Cartel Enforcers Dissolve Bodies Of Mexican Film Students In Acid

Will Racke | Immigration and Foreign Policy Reporter

Enforcers for one of Mexico’s most notorious drug cartels executed three film students and dissolved their bodies in acid, Mexican authorities said Monday.

The three students were last seen in March being forced into a car by men dressed as police officers in Guadalajara, Mexico’s second largest city. Investigators searched for more than a month without success for clues about where 25-year-old Javier Salomón Aceves Gastélum and 20-year-olds Marco Garcia Francisco Avalos and Jesús Daniel Díaz had been taken.

On Monday, the Jalisco state prosecutor’s office revealed the students’ grisly fate.

After being tortured and executed, “subsequently their bodies were dissolved in acid so that no trace of them remained,” the state prosecutor Raul Sanchez said, according to Reuters.

The case of the missing students became a national outrage in Mexico and drew protest from the filmmaking community, including Oscar-winning director Guillermo del Toro. Angry students took to the streets in Guadalajara and Mexico City, demanding that authorities find the kidnapped young men and return them to safety.

“We’re students, not criminals,” they shouted. “Will I be next?”

At a press conference Monday, prosecutors laid out their theory of what had happened to the film students. A gang of gunmen from the Jalisco New Generation Cartel (CJNG), western Mexico’s most powerful drug trafficking organization, confused the young men for members of a rival gang in the area, investigators said.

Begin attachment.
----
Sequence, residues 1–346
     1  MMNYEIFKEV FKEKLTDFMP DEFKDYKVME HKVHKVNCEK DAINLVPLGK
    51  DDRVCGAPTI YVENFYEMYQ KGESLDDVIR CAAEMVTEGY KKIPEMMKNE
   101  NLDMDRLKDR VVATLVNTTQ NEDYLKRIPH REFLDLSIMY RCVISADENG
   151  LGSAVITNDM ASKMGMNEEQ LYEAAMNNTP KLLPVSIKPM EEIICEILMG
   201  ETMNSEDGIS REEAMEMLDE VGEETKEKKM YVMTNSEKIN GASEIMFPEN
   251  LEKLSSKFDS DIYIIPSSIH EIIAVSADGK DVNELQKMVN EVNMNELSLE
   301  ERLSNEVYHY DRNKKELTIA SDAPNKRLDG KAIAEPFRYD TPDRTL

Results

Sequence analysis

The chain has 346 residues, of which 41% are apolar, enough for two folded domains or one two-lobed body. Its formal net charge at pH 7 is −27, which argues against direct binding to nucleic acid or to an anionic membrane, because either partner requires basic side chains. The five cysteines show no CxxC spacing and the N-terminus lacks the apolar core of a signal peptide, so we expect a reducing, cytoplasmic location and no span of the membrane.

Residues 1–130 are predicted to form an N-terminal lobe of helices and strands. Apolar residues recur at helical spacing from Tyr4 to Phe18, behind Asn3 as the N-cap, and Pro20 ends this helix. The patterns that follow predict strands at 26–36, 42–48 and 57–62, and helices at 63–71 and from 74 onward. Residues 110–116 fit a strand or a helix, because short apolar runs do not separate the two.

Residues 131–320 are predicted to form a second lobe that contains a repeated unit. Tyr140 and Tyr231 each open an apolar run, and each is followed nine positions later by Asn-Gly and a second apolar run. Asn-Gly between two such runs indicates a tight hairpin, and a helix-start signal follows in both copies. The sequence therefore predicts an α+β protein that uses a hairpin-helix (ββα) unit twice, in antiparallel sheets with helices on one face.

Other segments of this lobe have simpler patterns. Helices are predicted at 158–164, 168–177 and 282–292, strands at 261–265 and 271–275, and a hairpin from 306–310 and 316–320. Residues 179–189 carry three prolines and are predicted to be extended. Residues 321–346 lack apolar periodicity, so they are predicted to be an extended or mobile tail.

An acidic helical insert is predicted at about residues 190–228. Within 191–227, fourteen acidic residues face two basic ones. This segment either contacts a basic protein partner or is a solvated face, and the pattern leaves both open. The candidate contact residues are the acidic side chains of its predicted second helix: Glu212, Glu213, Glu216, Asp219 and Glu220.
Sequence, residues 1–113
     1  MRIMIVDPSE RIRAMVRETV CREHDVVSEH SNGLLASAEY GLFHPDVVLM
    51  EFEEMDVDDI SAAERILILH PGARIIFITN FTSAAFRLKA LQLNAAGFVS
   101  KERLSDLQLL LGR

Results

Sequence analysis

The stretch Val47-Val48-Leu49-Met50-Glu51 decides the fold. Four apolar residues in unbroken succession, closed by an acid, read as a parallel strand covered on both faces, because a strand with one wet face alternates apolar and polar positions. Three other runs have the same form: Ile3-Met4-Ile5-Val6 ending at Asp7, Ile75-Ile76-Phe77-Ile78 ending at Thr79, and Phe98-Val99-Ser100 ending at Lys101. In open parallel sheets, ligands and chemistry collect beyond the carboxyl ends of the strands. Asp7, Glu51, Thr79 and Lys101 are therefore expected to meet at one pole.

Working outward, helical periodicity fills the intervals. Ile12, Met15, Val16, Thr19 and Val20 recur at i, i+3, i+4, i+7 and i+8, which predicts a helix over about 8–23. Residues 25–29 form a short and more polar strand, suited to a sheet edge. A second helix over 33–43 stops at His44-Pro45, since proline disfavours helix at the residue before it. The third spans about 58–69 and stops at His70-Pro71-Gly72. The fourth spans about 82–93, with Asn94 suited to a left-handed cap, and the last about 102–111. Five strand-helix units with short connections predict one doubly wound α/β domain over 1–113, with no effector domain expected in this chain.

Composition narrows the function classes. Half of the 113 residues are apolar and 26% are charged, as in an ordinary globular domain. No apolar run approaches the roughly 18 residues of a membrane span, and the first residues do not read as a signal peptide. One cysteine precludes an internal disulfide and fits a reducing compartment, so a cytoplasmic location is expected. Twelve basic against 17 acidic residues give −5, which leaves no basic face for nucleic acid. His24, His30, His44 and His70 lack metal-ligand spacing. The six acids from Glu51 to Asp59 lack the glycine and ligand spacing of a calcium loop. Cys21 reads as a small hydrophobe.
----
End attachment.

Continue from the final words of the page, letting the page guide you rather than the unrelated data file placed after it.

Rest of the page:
The students had been working in a house they were told belonged to another student’s aunt. Instead, the building was a safe house for gang known as the “Nueva Plaza” cartel, and it had been placed under surveillance by CJNG, according to prosecutors.

“Without knowing it, the students were in a place of grave risk, watched by a criminal cell of the Cártel Nueva Generación,” the Jalisco attorney general’s office said, according to the Washington Post.

On March 19, the three students, along with a fourth classmate and three other young people, were driving in the area when one of their cars broke down. Then, two pickup trucks carrying six heavily armed men pulled alongside the group, authorities said.

The gunmen forced Aceves Gastélum, Francisco Avalos and Diaz into one of the pickups and drove them to a nearby house used to interrogate victims.

“It is here that they begin to beat one of them,” chief investigator Lizette Torres said in the news conference.

During the interrogation, the enforcers beat one of the young men so severely that he died. As a result, “they had to execute the other two,” Torres added.

Drug cartels in Mexico often kidnap, torture, and dismember rival gang members, sometimes leaving the bodies in public places as a warning to potential competitors and authorities alike. They have also been known to dissolve corpses in acid to completely “disappear” their victims.

Mexico has been wracked by record-setting violence in recent years as established cartels battle each other and upstart gangs for control of drug trafficking routes to the lucrative U.S. market. The number of homicide cases in the country spiked by 25 percent between 2015 and 2016, and by 23 percent from 2016 to 2017, reports Business Insider.

From January through March of 2018, there were 6,553 homicide cases — a new record — and 7,667 murder victims.

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